On the tiniest of scales, chemistry isn’t all about ‘billiard-ball’ reactions
Scientists are now one step closer to better understanding how to live in a “quantum” world—and not just from watching the character “Ant-Man” in the Marvel movie franchise.
Take, for instance, a microscopic view of the delicate, protective barrier of the Earth’s atmosphere that creates the ozone layer and protects life as we know it. Inside that layer of air, oxygen molecules are under near constant attack by solar ultraviolet (UV) rays that break up these molecules through a chemical process known as photodissociation. While this process is invisible to the naked eye, scientists can observe these micro-interactions on the smallest of scales—the quantum level.
In a study recently published in Science, scientists at the University of Missouri provide evidence of the effects of photodissociation on the quantum level for an atmospheric pollutant, formaldehyde, thereby showing photodissociation reactions can’t be treated classically, like billiard balls coming together, colliding and reconnecting, said Arthur Suits, Curators Distinguished Professor of Chemistry in the MU College of Arts and Science, and a co-corresponding author on the study.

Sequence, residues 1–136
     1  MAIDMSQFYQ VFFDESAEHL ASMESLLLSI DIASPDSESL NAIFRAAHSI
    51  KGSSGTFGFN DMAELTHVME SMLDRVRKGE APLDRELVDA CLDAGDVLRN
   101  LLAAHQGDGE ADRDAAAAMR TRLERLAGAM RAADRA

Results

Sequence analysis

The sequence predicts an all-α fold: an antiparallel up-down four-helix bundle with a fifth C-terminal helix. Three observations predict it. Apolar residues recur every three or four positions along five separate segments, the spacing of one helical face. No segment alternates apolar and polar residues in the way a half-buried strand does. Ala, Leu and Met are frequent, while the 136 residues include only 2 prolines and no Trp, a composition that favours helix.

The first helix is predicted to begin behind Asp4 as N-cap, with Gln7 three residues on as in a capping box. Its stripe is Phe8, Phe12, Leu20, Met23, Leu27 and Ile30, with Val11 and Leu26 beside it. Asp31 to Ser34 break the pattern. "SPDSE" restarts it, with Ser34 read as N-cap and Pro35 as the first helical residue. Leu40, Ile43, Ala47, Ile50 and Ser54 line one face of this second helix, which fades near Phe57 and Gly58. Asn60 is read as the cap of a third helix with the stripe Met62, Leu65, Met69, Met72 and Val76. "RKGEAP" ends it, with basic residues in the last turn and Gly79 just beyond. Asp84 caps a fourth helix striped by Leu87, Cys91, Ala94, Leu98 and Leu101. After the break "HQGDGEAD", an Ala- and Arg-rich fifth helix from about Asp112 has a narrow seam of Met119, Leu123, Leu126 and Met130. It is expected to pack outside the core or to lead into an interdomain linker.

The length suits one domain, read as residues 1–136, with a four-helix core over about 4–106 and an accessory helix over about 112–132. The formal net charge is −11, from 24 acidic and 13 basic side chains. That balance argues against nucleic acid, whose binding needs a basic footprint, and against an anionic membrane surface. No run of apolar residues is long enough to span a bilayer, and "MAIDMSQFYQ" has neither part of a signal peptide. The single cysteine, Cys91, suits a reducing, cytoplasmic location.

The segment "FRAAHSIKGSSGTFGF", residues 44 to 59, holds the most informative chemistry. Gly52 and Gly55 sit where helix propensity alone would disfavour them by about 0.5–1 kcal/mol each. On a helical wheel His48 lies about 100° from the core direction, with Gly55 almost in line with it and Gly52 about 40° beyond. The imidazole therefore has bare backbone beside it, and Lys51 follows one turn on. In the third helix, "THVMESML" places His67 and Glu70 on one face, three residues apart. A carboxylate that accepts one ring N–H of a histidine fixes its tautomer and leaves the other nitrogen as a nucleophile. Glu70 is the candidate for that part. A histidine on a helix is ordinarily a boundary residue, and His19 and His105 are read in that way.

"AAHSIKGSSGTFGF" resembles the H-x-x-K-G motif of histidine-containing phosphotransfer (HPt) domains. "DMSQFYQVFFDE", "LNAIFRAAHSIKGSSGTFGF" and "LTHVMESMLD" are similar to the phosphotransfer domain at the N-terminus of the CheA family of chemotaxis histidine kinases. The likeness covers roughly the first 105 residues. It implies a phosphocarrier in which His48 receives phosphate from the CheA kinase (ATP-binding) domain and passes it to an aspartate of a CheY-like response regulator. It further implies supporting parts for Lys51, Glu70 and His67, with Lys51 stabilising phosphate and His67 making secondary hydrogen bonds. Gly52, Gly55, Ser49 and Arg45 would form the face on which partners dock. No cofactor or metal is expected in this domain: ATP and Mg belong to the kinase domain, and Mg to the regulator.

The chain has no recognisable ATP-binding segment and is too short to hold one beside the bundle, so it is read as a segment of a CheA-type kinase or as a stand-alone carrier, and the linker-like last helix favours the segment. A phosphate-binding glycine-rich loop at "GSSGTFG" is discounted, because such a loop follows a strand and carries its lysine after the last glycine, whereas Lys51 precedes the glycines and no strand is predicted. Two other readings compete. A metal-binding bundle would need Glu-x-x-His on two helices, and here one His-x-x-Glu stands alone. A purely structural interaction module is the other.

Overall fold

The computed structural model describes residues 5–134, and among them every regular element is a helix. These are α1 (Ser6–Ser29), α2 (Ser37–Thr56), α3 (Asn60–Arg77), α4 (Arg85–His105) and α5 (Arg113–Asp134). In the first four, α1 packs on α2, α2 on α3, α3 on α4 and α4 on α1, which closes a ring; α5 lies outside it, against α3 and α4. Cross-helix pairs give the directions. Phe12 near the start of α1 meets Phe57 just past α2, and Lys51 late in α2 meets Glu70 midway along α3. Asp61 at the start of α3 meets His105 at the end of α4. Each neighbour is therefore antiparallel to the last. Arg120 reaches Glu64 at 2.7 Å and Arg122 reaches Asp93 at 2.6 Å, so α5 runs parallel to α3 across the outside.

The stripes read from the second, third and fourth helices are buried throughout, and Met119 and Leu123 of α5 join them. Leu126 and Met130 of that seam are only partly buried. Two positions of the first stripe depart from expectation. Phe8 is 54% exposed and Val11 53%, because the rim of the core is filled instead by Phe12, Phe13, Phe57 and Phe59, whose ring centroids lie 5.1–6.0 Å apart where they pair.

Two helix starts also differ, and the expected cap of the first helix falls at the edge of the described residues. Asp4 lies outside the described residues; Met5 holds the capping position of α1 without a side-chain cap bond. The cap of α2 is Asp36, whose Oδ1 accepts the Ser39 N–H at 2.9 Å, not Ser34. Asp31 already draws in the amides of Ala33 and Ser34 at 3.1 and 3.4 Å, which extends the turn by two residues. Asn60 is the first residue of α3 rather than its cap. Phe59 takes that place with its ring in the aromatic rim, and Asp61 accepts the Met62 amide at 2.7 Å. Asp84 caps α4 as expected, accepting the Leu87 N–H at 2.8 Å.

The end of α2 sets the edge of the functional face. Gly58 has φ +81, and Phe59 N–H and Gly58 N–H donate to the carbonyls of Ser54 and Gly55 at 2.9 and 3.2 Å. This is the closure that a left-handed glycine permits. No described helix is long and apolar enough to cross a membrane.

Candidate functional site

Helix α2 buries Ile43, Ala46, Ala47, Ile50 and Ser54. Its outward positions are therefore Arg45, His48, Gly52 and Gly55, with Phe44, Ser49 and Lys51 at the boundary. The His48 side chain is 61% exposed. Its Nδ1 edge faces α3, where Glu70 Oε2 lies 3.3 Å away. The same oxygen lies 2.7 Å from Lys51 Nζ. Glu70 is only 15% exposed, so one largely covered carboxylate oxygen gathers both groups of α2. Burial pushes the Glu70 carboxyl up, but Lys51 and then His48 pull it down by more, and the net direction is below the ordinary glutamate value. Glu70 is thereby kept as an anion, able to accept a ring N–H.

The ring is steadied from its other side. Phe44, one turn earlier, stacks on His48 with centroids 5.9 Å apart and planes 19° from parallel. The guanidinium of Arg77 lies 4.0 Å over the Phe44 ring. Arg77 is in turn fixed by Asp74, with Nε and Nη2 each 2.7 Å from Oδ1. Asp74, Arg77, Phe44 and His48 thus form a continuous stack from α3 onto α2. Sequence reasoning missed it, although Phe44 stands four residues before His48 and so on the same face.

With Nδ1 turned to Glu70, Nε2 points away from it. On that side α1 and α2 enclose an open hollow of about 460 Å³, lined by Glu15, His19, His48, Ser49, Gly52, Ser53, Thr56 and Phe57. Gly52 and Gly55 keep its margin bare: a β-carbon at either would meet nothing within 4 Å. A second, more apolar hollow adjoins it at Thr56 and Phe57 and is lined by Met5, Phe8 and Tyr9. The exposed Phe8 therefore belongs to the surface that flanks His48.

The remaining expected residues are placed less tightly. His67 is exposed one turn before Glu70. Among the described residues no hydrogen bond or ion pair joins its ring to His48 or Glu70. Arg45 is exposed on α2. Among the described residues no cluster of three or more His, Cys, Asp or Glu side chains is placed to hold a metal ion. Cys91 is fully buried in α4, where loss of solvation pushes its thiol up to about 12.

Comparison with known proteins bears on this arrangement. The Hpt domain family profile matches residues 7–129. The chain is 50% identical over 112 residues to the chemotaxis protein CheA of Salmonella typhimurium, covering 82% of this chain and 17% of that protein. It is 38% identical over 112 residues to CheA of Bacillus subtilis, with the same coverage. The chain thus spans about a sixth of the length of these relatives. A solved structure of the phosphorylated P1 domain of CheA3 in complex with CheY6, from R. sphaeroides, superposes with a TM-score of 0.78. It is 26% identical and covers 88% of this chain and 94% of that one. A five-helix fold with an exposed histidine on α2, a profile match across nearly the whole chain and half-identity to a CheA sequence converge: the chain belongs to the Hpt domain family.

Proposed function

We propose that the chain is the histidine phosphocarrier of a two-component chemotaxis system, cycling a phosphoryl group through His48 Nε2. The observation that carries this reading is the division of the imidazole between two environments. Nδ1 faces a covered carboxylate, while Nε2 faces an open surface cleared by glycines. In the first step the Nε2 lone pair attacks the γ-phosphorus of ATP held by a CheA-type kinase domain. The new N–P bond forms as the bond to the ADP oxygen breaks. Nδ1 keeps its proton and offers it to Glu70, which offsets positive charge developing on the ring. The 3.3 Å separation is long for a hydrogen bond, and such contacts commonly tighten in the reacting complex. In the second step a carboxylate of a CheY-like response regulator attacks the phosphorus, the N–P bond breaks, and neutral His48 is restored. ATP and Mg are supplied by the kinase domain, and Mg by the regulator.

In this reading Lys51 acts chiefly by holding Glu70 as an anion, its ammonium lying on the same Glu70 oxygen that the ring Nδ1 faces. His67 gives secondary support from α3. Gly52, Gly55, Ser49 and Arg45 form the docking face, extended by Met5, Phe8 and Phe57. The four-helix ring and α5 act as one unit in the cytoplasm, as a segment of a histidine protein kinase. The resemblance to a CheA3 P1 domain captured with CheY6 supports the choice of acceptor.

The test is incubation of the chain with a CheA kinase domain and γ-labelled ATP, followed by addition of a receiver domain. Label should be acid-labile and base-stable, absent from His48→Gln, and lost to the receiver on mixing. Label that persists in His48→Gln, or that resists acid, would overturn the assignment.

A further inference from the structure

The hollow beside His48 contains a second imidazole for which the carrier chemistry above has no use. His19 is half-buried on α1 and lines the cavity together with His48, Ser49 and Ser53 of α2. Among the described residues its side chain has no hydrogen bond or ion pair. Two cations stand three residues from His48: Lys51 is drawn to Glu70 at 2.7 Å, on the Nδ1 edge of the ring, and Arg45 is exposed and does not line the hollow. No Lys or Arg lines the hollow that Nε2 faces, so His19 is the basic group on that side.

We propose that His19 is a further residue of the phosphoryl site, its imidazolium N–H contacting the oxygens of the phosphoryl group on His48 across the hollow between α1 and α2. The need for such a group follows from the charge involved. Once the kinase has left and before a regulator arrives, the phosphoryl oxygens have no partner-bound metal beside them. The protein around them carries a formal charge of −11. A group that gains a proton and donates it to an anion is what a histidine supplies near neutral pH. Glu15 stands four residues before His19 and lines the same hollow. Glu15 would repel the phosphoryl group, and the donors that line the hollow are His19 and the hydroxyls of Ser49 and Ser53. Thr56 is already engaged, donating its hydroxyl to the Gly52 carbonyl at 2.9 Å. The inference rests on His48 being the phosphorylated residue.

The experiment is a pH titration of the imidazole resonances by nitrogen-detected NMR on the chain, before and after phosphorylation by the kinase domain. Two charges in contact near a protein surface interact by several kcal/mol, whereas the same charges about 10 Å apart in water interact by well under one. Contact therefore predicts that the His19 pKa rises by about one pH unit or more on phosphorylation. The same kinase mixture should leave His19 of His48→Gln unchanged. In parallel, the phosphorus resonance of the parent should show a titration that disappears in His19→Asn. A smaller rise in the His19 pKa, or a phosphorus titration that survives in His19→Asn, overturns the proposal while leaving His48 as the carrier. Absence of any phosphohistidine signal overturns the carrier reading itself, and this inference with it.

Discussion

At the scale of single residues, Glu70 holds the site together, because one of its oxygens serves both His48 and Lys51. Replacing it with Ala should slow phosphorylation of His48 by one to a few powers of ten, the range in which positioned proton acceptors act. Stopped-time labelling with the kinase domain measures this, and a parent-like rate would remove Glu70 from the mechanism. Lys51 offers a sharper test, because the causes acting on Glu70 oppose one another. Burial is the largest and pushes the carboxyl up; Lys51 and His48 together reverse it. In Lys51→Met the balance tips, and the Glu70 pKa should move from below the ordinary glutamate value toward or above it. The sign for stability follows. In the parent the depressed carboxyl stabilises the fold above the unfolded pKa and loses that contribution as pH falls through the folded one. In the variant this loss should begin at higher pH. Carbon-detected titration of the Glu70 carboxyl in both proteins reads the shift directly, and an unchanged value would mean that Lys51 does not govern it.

“By only thinking of chemical reactions in the classic sense with ‘billiard balls,’ a chemist is going to miss out on what a molecule is truly doing,” Suits said. “It is well known that quantum effects are very important as a molecule gets very cold. What is surprising here is that strong quantum effects appear at the high energy of photodissociation. This new insight could change not only our view of how the molecule behaves, but may also impact the overall chemical makeup, and that in turn could cause the chemistry to go in unexpected ways because of this added dimension of the quantum properties.”
The new study concerns roaming, in which photodissociation breaks a molecule into pieces, but the pieces come back and react with each other. Until now, “billiard ball” models could completely match such experiments. The study shows more detailed measurements cannot be treated this way.
Instead, they have to use a more complicated quantum model to confirm the unusual properties they are observing. Suits believes their findings could one day help scientists develop a better theoretical understanding of the chemistry in the atmosphere, both in the stratosphere where ozone protects us, and at ground level where it is a dangerous pollutant.
“If you want to understand the chemistry of the atmosphere, for example, you first need to understand what happens when light is absorbed and a molecule starts to dissociate,” Suits said. “Chemists may think they don’t have to worry about what is going on at the quantum level in photodissociation, and it’s just the classic billiard-ball effect of atoms, but we show here that’s not always the case, and chemists need to be able to refine their intuition to a certain extent.”
“Orbiting resonances in formaldehyde reveal coupling of roaming, radical, and molecular channels,” was published in Science. Co-authors include Casey Foley at MU, and Hua Guo and Changjian Xie from the University of New Mexico. Xie also has a dual appointment with Northwest University in China.